[Rd] 0.5 != integrate(dnorm,0,20000) = 0

Stavros Macrakis macrakis at alum.mit.edu
Tue Dec 14 01:52:49 CET 2010

I'd suggest that the original sin here is calling some particular
numerical integration routine 'integrate', which gives the user an
illusory sense of power.... Functions have to be well-behaved in
various ways for quadrature to work well, and you've got to expect
things like

> integrate(function(x)tan(x),0,pi)
Error in integrate(function(x) tan(x), 0, pi) :
  roundoff error is detected in the extrapolation table   <<< a 'good'
error -- tells the user something's wrong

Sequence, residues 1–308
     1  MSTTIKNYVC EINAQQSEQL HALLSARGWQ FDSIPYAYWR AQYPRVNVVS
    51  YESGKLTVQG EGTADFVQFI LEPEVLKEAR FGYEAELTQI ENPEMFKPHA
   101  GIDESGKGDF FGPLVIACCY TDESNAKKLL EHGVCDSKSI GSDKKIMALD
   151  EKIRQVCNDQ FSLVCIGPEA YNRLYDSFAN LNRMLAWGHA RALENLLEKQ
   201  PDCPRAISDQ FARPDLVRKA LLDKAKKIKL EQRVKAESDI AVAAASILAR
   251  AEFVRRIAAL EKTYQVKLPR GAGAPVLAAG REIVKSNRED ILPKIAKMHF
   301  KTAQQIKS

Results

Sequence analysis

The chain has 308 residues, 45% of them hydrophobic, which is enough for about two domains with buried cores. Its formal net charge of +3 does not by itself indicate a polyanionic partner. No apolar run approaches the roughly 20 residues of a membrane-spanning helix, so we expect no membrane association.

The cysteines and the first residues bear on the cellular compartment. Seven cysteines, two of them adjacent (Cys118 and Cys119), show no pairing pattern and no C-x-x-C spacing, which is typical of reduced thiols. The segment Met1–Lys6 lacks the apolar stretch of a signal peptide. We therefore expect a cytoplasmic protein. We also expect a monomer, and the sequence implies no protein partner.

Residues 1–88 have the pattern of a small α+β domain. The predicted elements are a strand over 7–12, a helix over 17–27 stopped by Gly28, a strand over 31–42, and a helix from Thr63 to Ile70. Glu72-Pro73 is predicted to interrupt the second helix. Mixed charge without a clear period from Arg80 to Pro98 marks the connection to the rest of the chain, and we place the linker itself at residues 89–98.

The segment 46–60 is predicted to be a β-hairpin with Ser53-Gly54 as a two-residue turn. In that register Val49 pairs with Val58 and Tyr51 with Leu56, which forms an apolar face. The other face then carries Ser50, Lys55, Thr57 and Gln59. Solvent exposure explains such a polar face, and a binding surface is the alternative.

> integrate(function(x)tan(x)^2,0,pi)
1751.054 with absolute error < 0                                  <<< oops
> integrate(function(x)1/(x-pi/2)^2,0,pi)                         <<< the same pole (analytically)
Error in integrate(function(x) 1/(x - pi/2)^2, 0, pi) :         <<<
gets a useful error in this form
  non-finite function value

But by that argument, I suppose you shouldn't call floating-point
addition "+" :-)


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